Lead Poisoning Symptoms

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According to the Centers for Disease Control and Prevention, lead poisoning affects 250,000 children under 5 years of age in the United States. Furthermore, there is no evidence that the rates of exposure of children to lead is decreasing.

Lead gradually accumulates in the body due to long-term exposure in the environment. It is especially dangerous to newborns, infants, and small children because the effects on the developing brain may be permanent and irreversible. Initial symptoms in infants and children include:

These initial symptoms may be initially misdiagnosed since most health care professionals don't think of lead poisoning as a possibility. But when weight loss, sluggishness, and slow growth appear as longer lasting symptoms, then the potential for many unusual diagnoses exists and lead is a prime candidate.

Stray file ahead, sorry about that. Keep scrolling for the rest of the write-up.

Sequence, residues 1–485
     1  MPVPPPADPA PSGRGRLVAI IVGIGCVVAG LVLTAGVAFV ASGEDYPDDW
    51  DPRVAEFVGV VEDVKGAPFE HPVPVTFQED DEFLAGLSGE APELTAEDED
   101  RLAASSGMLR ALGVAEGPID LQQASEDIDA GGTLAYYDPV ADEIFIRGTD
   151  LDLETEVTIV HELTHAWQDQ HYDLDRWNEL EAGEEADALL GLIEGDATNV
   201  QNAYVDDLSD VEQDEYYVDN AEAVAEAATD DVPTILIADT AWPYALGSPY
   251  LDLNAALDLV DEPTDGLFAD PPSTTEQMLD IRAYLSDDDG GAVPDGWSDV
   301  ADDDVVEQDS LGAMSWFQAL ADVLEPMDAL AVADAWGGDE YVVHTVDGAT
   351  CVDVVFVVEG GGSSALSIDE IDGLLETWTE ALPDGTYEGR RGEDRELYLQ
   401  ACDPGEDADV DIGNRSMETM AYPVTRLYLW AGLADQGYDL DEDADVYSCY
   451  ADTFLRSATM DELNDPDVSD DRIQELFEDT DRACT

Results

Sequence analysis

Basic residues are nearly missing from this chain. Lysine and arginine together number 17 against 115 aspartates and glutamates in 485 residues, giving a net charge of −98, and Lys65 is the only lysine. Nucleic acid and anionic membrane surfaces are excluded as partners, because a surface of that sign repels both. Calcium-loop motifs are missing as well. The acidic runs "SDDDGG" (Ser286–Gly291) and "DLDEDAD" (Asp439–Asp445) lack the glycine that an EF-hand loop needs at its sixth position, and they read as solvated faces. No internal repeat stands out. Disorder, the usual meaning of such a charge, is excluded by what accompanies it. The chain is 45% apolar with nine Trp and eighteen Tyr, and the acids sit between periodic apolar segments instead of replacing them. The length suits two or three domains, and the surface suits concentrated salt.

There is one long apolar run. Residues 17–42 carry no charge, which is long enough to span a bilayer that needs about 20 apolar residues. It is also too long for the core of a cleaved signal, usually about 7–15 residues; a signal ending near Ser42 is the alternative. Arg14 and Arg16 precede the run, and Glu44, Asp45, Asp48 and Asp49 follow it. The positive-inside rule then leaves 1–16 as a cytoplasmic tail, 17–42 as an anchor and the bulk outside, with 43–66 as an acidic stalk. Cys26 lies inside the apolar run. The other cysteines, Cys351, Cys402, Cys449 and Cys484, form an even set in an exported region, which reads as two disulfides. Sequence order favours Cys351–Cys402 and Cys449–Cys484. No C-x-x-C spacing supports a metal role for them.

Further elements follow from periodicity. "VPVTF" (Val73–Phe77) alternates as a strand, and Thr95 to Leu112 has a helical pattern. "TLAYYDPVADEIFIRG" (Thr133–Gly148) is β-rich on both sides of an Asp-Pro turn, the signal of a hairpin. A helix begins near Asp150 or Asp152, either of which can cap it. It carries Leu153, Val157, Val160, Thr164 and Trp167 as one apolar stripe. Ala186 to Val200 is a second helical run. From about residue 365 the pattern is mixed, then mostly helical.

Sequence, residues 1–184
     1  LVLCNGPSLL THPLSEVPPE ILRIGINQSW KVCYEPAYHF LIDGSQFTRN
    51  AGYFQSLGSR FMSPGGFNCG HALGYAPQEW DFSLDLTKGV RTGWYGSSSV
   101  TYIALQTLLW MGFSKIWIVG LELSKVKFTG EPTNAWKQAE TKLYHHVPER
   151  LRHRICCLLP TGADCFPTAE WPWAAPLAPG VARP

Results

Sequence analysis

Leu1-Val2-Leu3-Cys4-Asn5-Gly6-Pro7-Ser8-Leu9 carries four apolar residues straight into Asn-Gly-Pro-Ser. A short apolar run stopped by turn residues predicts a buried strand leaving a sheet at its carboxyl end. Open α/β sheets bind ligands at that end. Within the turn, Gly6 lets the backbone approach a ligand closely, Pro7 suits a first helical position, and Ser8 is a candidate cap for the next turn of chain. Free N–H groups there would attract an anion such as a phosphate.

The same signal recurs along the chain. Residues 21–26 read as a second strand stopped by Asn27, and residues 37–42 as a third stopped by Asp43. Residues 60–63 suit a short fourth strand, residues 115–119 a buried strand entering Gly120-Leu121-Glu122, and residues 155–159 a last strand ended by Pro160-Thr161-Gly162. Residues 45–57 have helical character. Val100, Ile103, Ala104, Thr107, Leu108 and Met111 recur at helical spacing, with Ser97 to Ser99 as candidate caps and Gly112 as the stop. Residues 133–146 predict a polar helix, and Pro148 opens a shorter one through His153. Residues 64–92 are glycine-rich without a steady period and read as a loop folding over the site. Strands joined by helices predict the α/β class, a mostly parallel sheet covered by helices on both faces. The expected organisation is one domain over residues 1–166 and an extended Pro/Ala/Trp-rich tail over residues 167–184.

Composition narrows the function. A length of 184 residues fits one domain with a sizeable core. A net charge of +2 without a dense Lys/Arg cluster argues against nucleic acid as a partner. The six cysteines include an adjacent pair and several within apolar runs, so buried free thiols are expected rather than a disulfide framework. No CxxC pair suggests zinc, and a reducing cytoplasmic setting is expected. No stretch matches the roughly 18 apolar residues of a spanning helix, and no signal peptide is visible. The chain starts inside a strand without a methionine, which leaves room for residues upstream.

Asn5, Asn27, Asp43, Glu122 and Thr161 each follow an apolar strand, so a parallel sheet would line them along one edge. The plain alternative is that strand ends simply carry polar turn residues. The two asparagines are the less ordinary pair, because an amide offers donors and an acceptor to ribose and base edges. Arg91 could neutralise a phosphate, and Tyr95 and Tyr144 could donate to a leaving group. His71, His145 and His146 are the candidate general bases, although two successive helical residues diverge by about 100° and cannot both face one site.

The risk of lead exposure all depends upon where you live. Lead paint was often used in houses built before the early 1970s, when lead paint was made illegal. Some older water pipes were connected with lead solder that could leach into the drinking water. Antique toys and those made outside the United States also may contain lead.

Screening for lead poisoning begins with routine visits to a health care professional. The American Academy of Pediatrics developed a three question test to find kids at risk for lead poisoning:

  • Does your child live in or regularly visit a house or child care facility built before 1950?

  • Does your child live in or regularly visit a house or child care facility built before 1978 that is being or has recently been renovated or remodeled (within the last 6 months)?

  • Does your child have a sibling or playmate who has or did have lead poisoning?